ARC Review: Sisters of the Perilous Heart by Sandra L. Vasher

“You never knew who you could trust in a place like this.”

Notice: I received an eARC of this book from Book Sirens in exchange for an honest review. This does not affect my view of the work.

What would you do to save a sister?

As the last mortal kingdom of Kepler resists the Immortal Empire, its young queen faces a devastating attack. Queen Vivian is two minutes into her reign when an arrow pierces her heart and infects her with the Immortality Virus. But she has too much magic to become immortal and not enough to survive. She must find more magic fast, or she’ll die.

Meanwhile, another young mortal faces an uncertain future of her own. Carina is fleeing for her life, but her magic is a tracking beam for immortals. She must learn to harness and control it, or she’ll be captured and killed. Then she meets the queen of South Kepler.

Vivian needs Carina’s magic, and she can offer safe haven in exchange. But can Vivian trust this common girl? Carina isn’t on the kingdom’s registry of magicians. What if she’s a Northern rebel? A spy for the Immortal Empire? And will the truth be revealed in time to save them both?

As many reviewers have pointed out, this book is quite frankly a wild ride of magic and science fiction. What I enjoyed most about my reading experience was definitely learning about the very nuanced and detailed world-building.

Sisters is set on a foreign planet named Kelper, which was settled by mortal humans because it was the most similar to Earth. In this book we follow two perspectives: 18-year-old Queen Vivan of South Kepler and her brothers Bast and Nate, as well as the perspective of 16- and 13-year old sisters Carina and Miguela, who are orphans that have spent their lives in hiding in non-religious sisterhood.

We as readers are thrust into chaos with the opening of this book: an assassination attempt is made on the moments-ago crowned Queen of South Kepler. She has been infected with the Immortality Virus, which is an engineered strain of Influenza.

With this, we learn the key divide of this book: mortals vs. immortals. The key difference between mortals and immortals is that mortals have magical abilities but don’t live forever, and immortals live forever, but completely lack empathy and have characteristic red eyes. The background of how mortals vs. immortals came to be was very thrilling to read, and was a great example of how uncritical enthusiasm can lead to serious consequences for the world. In all, the highlight of this book for me was definitely learning about the world of Kelper and the history behind the Cardinal Families of the North, South, East, and West.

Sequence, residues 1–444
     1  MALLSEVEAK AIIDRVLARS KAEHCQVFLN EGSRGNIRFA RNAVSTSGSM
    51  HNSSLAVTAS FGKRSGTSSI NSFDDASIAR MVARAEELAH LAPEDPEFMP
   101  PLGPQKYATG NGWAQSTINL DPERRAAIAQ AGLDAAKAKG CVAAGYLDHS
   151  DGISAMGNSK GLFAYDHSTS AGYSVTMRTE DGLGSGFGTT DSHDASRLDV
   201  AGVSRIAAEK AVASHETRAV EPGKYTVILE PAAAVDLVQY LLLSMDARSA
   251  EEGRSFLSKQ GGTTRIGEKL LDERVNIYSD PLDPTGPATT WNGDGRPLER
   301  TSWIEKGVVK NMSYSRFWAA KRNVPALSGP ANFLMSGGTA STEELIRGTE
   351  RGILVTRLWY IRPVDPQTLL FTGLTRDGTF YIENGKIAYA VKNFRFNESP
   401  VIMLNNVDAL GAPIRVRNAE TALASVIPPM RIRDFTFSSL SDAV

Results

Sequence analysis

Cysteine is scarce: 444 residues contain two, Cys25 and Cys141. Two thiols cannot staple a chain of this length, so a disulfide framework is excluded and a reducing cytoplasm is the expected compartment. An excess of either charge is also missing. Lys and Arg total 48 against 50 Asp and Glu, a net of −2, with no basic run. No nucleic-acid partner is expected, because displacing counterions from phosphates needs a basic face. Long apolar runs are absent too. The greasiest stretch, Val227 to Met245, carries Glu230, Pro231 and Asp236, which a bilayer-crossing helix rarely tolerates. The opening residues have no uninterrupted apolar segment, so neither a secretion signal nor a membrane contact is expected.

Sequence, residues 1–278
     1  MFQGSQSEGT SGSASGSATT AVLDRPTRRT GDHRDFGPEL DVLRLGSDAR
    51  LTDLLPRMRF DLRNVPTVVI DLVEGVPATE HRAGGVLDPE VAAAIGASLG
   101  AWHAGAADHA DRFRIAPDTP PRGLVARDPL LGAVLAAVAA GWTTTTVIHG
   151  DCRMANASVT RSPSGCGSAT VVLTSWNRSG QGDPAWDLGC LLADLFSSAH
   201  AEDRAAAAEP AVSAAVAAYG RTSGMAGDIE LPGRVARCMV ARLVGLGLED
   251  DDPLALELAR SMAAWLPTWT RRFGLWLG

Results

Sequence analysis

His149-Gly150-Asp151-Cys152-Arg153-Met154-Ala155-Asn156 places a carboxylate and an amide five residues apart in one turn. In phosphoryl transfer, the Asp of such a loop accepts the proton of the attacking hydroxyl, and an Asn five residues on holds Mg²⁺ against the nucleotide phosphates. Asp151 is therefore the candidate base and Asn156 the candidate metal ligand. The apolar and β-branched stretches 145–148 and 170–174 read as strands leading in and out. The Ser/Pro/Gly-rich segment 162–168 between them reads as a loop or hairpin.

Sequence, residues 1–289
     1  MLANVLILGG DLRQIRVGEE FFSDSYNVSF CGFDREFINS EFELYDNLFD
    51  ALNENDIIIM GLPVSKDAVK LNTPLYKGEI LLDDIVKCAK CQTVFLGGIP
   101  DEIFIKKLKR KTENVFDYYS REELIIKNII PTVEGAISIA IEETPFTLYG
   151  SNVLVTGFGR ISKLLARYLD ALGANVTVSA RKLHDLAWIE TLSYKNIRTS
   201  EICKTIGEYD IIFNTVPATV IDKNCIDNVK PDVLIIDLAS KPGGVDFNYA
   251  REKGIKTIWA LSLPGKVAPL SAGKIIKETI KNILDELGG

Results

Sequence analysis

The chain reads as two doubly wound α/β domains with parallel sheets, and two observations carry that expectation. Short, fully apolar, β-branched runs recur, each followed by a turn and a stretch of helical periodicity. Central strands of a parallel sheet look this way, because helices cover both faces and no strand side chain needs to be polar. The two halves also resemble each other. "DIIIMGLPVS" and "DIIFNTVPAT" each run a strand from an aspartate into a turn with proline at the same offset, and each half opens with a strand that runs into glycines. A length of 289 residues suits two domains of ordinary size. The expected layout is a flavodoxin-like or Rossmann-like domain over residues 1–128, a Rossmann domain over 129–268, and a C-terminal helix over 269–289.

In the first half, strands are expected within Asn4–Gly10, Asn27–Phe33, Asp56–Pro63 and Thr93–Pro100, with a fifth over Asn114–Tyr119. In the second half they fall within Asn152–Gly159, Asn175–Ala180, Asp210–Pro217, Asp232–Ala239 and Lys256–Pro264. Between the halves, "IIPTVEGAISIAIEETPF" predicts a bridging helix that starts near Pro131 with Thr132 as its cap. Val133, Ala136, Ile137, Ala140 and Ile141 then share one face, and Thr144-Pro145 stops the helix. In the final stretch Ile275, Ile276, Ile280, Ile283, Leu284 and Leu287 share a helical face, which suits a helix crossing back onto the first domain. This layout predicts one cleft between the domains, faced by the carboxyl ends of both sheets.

Let’s talk about the magic. The magical abilities in this book are pretty representative of YA magic (telekinesis, mind reading, elemental powers like fire and ice wielding, etc), but they can also be used in a unique way.

For instance, if the characters have a pure enough connection with each other and their emotions align with the situation, they can actually siphon their own magic to someone else. This happens the most with Vivian, whose brothers are constantly siphoning magic to her to help her fight the Immortality Virus that’s slowly killing her.

Another interesting thing about this book is the “Log” entries between chapters (almost like diary entries from other off-page characters). I read this as an e-book, so I’m curious if the final print will have these “logs” take a multimedia format (kinda like the Illuminae Files). The logs were basically ways to learn more backstory on something that happened in the previous chapter. They came in very handy for my overall comprehension of the story.

In all, I think this book was a seamless blend of fantasy and science fiction. But beware, it ends on what heck of a cliff hanger that will leave you asking yourself, “wait, what?”

There is one aspect of this book that wore on my patience every now and again, and that is the lack of communication between characters. As one reviewer on Goodreads has put it perfectly, the plot of Sisters kind of meanders in places where it really didn’t need to. Why? A series of miscommunication (or lack there of) between characters kept spinning new redirects to the story.

Of course, some of these scenarios are wander into spoiler territory, so I can’t give details. But let’s just say, the book would have ended a whole 100 pages sooner if two key characters would’ve just had an honest conversation.

Nevertheless, this is the beginning of a series, so I guess we’ll just have to find out what happens next. Will you?

5 thoughts on “ARC Review: Sisters of the Perilous Heart by Sandra L. Vasher

  1. Great review, Cierra! I saw this book on netgalley and caught my eye, and I’m very curious about the worldbuilding and the mix between sci-fi and fantasy, which I don’t see very often in books! I’ll probably read this when it comes out.


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